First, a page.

We, as Americans, aspire to be great. It’s why we lead the world in creativity, innovation, and economic growth. Yet, occasionally, our efforts have unintended and potentially dangerous consequences.
Here’s a good example: A proposed change to Georgia law that would allow optometrists to treat patients with injections in and around the eyes.
As the president of the Medical Association of Georgia, which represents physicians in every specialty and practice setting, I believe that this idea, albeit well intended, could place thousands of Georgians at risk of blindness and other serious eye health complications.
The proposed legislation allows optometrists (not be confused with ophthalmologists or plastic surgeons, who are physicians) to make injections and perform other delicate procedures in and around a patient’s eye or eyelid, procedures they simply aren’t qualified to perform.
The eye is obviously one of our most sensitive and important organs. And we should never cut corners when it comes to any aspect of our health care, but this is especially true when it comes to our eyes and our vision.
I applaud optometrists. They play an important role when it comes to basic eye care. Optometrists are trained to detect serious eye health issues, and they fit patients for glasses, contact lenses and similar corrective vision devices.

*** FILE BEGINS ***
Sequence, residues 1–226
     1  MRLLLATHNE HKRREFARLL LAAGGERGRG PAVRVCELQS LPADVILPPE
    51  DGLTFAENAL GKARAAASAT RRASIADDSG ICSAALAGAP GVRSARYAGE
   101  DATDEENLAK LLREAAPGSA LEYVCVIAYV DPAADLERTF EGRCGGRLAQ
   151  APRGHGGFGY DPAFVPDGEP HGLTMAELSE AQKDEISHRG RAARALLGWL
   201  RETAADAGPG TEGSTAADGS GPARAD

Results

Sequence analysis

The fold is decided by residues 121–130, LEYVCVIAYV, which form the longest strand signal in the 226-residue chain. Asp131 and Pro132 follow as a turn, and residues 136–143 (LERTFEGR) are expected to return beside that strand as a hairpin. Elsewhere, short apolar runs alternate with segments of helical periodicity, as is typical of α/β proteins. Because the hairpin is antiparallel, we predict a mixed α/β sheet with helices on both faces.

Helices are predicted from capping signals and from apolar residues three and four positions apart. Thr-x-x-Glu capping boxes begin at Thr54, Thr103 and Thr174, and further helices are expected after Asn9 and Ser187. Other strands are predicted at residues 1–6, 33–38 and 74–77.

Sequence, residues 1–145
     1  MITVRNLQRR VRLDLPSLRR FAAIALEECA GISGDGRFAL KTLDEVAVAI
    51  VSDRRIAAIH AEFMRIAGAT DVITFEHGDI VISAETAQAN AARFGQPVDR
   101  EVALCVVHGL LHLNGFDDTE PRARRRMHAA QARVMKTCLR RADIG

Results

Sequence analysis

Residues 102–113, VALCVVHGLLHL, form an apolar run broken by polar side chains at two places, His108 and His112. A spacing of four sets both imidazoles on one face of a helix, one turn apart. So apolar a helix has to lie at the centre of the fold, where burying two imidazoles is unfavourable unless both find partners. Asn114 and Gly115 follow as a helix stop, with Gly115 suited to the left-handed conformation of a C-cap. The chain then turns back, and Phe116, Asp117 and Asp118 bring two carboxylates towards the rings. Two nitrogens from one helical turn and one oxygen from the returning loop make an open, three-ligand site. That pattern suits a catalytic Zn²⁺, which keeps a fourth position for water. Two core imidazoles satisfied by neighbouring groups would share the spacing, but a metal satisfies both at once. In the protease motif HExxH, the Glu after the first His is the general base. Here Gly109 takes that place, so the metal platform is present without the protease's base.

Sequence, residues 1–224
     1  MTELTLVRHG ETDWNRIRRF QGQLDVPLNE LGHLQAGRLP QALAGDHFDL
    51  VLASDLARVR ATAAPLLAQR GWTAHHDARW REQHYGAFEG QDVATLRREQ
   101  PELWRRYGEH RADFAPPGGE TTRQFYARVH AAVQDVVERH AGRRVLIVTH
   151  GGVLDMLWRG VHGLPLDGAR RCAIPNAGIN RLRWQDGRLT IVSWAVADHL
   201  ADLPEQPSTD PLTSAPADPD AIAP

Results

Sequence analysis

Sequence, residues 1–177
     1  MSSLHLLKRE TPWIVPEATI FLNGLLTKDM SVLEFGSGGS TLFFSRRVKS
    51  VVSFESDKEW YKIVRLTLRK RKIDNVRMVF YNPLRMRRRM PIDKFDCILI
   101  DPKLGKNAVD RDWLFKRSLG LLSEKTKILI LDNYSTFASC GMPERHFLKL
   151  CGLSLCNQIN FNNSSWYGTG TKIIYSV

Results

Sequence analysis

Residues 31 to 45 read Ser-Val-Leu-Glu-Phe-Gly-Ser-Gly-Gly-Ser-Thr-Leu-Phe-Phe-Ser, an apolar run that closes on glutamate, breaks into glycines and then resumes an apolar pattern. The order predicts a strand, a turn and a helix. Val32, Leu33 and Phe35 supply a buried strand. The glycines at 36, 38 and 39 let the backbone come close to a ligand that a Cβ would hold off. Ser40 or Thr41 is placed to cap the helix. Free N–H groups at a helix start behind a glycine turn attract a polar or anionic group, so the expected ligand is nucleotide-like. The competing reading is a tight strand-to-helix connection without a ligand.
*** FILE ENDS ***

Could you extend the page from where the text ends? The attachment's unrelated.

But sticking a hypodermic needle into or near a patient’s eye requires a level of expertise that should be reserved for physician specialists with the requisite, and far more considerable, education, training and experience. In fact, these procedures are so unique and require such great precision that many physicians won’t attempt to perform them.
It is also worth noting that any mistakes occurring during procedures that are conducted in or near the eye can have particularly dire consequences, including infections, blurred vision, hemorrhaging and the loss of sight.
As a physician who has cared for patients in this state for more than 30 years, I agree that we should aspire to ensure that every Georgian has access to the medical care they need. But I am also confident (and extremely concerned) that passing legislation to expand optometrists’ scope of practice in dramatic ways would undermine patient care and could have disastrous results.
Georgians deserve access to the best medical care in the world. When it comes to procedures that are performed in or around the eye, that means access to a physician who has the requisite education and training and experience.
That is why physicians in Georgia are calling for state lawmakers to oppose any legislation that would allow optometrists to treat patients with injections in and around the eyes.
Steven M. Walsh, M.D., is president of the Medical Association of Georgia.